Investigation is usually undertaken through comparative analysis, comparing different times and places. A neglected mode of enquiry, however, is penal policy transfer – trying to find out what takes place when one country tries to learn lessons or borrows practices from others (see, for example, Taking Probation Abroad ). Finding out whether penal innovations flourish or wither and the ways in which they may depart from original aspirations can be deeply instructive about the dynamics of penal development – a kind of applied comparative penal policy.
In my latest (2022) book, Punishment, I draw on another analogy. In Pat Barker’s novel The Ghost Road (the final book in her brilliant Regeneration trilogy), a group of soldiers in the trenches are pondering their situation during the First World War. One insists that the war cannot be explained by the official government rationale, but is ‘feathering the nests of profiteers’. The novel’s main character, Billy Prior, is asked for his opinion.
‘What do I think? I think what you’re saying is basically a conspiracy theory, and like all conspiracy theories it’s optimistic. What you’re saying is, OK the war isn’t being fought for the reasons we’re told, but it is being fought for a reason. It’s not benefiting the people it’s supposed to be benefiting, but it is benefiting somebody. And I don’t believe that, you see. I think things are actually much worse than you think because there isn’t any kind of rational justification left. It’s become a self-perpetuating system. Nobody benefits. Nobody’s in control. Nobody knows how to stop.’
Billy’s comrades may have challenged his claim that ‘nobody benefits’. And similarly in the realm of penal affairs there are plain beneficiaries. In some circumstances, commercial businesses, lawyers and penal agents, as well as those of us who study their work, draw a number of advantages from penal institutions and practices. At the same time, penality rarely brings the benefits claimed for it or affords satisfaction to victims, people with convictions or the general public. And while attempts may be made with varying degrees of success to influence its direction, it seems likely to be true that Nobody’s in control. Nobody knows how to stop.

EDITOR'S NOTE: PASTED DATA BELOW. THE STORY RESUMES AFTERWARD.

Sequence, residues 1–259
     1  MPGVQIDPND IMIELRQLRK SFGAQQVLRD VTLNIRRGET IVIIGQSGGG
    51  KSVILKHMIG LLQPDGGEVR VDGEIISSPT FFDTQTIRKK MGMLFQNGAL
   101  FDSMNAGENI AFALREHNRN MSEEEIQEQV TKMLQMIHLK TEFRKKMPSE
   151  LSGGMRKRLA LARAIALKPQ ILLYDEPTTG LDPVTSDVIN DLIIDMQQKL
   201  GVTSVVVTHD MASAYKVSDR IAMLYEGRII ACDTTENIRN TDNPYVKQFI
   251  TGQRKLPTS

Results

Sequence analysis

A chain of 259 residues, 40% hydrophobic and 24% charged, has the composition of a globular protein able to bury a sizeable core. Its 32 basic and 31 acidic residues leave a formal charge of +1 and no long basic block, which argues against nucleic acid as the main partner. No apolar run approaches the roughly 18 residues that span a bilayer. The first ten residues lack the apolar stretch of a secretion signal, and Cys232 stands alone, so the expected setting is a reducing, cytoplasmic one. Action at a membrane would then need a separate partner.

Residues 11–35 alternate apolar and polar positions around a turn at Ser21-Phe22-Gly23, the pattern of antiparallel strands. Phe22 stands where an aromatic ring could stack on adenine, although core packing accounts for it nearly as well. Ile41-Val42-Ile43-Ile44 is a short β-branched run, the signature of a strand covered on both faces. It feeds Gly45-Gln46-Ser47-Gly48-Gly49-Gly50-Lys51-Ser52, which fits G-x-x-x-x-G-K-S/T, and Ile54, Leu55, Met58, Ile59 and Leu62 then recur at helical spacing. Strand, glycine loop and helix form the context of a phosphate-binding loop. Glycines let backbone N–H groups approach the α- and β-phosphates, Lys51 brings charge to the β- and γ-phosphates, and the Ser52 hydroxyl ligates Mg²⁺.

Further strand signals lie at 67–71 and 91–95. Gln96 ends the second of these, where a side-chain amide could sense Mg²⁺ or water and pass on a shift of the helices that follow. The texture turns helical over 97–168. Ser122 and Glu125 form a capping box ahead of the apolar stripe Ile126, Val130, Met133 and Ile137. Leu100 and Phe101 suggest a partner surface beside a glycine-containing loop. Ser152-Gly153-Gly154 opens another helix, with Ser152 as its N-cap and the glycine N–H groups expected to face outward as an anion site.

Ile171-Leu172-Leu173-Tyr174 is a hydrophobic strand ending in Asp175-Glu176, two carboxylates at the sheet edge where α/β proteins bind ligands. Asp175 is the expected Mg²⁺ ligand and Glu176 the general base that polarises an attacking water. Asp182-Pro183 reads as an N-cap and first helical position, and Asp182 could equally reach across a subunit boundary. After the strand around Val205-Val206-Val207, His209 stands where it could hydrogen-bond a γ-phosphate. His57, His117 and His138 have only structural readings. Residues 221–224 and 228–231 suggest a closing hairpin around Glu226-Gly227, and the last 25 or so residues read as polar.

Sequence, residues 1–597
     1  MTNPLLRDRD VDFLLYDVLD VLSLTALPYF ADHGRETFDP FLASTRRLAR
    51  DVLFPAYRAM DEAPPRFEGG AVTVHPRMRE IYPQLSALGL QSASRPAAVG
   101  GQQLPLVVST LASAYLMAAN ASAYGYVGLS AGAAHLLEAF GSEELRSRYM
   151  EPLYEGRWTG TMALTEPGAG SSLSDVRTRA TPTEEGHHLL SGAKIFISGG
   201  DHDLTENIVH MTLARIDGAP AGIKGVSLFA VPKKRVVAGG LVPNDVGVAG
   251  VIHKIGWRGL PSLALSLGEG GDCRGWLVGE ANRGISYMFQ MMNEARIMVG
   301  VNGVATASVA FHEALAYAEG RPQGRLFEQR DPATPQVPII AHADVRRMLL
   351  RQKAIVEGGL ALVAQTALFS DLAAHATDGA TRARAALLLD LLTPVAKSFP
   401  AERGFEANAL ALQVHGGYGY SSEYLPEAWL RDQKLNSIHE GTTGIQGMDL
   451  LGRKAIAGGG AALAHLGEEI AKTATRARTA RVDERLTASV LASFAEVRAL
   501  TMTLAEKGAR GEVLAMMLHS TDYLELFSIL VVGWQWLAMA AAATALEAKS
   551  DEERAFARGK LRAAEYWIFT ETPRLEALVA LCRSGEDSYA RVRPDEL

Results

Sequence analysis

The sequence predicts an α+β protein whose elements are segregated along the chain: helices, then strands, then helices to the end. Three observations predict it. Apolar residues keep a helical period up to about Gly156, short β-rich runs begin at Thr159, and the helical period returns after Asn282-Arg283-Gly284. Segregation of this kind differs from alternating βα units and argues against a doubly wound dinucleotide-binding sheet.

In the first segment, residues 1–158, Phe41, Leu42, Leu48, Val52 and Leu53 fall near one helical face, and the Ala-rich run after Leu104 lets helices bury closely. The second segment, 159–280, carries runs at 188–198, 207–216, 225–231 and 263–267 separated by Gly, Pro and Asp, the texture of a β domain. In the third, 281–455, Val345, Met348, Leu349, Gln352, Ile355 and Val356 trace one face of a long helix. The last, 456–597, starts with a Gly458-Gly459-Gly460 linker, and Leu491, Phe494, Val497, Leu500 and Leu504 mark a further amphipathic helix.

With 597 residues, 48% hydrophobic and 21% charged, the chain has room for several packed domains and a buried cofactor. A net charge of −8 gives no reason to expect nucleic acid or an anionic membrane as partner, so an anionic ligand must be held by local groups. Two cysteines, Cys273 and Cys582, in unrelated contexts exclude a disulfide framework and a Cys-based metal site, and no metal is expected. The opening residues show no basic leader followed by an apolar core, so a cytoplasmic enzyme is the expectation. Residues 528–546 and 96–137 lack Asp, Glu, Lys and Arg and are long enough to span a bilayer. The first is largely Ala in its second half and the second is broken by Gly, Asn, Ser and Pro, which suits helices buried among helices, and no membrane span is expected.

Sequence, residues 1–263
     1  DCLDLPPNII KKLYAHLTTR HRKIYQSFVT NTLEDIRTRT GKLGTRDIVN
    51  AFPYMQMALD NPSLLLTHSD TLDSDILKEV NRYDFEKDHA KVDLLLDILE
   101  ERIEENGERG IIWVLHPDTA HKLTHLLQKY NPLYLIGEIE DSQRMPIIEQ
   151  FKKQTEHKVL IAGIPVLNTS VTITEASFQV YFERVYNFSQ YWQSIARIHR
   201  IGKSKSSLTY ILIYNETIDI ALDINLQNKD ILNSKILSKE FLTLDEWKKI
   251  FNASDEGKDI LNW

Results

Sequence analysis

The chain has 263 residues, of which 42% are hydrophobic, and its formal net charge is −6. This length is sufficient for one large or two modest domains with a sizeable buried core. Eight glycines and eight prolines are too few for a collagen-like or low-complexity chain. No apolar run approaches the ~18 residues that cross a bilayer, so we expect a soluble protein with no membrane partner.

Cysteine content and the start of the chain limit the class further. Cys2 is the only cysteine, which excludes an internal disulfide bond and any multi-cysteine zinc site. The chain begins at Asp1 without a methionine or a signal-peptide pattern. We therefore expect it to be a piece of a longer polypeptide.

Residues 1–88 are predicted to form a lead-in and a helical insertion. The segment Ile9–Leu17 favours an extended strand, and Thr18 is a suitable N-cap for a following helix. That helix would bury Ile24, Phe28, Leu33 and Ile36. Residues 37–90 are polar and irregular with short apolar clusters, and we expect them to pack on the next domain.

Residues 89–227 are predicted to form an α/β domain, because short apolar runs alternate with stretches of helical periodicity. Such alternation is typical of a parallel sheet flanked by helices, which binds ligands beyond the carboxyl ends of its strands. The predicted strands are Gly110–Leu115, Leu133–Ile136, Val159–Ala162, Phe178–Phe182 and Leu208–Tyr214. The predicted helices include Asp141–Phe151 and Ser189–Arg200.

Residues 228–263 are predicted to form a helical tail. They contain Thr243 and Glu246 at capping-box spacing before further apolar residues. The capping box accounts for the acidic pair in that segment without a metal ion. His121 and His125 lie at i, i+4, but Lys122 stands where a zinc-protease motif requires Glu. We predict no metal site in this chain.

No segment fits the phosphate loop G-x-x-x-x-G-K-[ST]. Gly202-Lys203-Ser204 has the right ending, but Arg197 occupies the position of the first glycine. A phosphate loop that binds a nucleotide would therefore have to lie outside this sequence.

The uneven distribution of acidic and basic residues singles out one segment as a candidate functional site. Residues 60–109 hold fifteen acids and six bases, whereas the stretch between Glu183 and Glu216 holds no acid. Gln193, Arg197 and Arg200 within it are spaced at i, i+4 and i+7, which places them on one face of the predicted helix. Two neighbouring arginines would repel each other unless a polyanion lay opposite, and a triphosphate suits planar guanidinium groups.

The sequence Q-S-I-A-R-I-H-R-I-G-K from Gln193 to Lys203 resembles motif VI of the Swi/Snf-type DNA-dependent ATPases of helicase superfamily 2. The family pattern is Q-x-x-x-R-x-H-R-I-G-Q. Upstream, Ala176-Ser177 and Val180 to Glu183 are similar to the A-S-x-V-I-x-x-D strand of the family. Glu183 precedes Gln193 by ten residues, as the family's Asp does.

This may be true of many human affairs. Actions are performed, sometimes with complex and ambivalent motives; consequences follow, some of which cannot be assumed to have been intended, further actions taken. Policies and strategies stray as they are put into practice, events taking a course of their own. The upshot can be arrangements that are not working in any way that had been anticipated and may be demonstrably unsuccessful, but in which people are enmeshed and which they feel (and perhaps are) powerless to alter. Again, attempts to bring about change are inevitably contested, so that either things continue on the same trajectory or the changes that do take place may be markedly different from anybody’s ambition. People will then take such benefits as they can.
To take a Ghost Road perspective is not to walk away from explanatory accounts: the many factors that go to shape policy and practice can be investigated in their own terms and in relation to their interactions: each factor has its antecedents. But the meld, mixture and therefore the consequences defy any idea of single, unified strategy that can be straightforwardly achieved, even by the most powerful. If this is right, the implications are considerable. Both in theory and in practice, the idea of a penal strategy becomes questionable and any reformist project should be espoused with scepticism and even a degree of pessimism. There are certainly changes that need to be made, but whether anybody knows how they can be accomplished is a further question.